The investigation revealed that Hardash had accepted more gifts than any other community college district official in the county with similar responsibilities. The gifts primarily were golf outings, with Hardash recommending contracts sometimes within days of the companies treating him to free rounds of golf.

When first confronted with the totality of Hardash’s gifts, Chancellor Raul Rodriguez wrote in an email that they were simply an example of “good networking” by Hardash.

The articles also exposed how Rodriguez, Hardash and other district officials often travel in luxury on the taxpayers’ dime, receiving flight upgrades, staying in lavish hotels and sometimes overbilling for travel reimbursements. As a result, district leaders also began overhauling the travel reimbursement policy.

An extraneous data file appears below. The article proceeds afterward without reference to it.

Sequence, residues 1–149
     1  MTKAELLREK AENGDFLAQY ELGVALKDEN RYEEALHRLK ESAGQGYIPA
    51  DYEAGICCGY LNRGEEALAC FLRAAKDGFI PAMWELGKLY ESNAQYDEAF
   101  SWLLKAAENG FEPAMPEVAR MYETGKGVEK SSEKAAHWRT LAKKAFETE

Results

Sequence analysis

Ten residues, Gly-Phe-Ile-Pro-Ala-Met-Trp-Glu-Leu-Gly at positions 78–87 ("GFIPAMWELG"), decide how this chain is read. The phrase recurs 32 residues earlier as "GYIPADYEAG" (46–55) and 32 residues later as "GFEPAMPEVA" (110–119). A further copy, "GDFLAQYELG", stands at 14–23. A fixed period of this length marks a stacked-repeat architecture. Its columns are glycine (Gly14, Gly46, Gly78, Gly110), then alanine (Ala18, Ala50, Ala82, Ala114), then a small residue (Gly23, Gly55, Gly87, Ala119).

Regarding the proposed gift ban, Grindle recommended the district model it after the county policy, which she helped pass in the early 1990s.

“I don’t know why they don’t just use the county’s [gifts ban]. It’s very clear,” Grindle said.

Grindle also agreed that the paragraph exempting officials involved in “group events” as being allowed to accept some gifts could be interpreted to mean Hardash accepting free golf during his meetings with contractors would also be OK.

During the board discussion last month, trustees made it clear they want to address the perceptions about conflicts of interest and corruption that arise with situations like Hardash’s gifts. Among the solutions they discussed was to adopt a gift ban, but only implement it with officials that make or influence decisions on contracts.

“I think there is an issue we need to address pertaining to the issue of a conflict,” said board President Claudia Alvarez.

They also took issue with reporting by Voice of OC that referenced a gift ban at the South Orange County Community College District. Debra Fitzimons, South Orange’s vice chancellor of business services told Voice of OC that her district has a gift ban and would not tolerate employees accepting gifts from district contractors.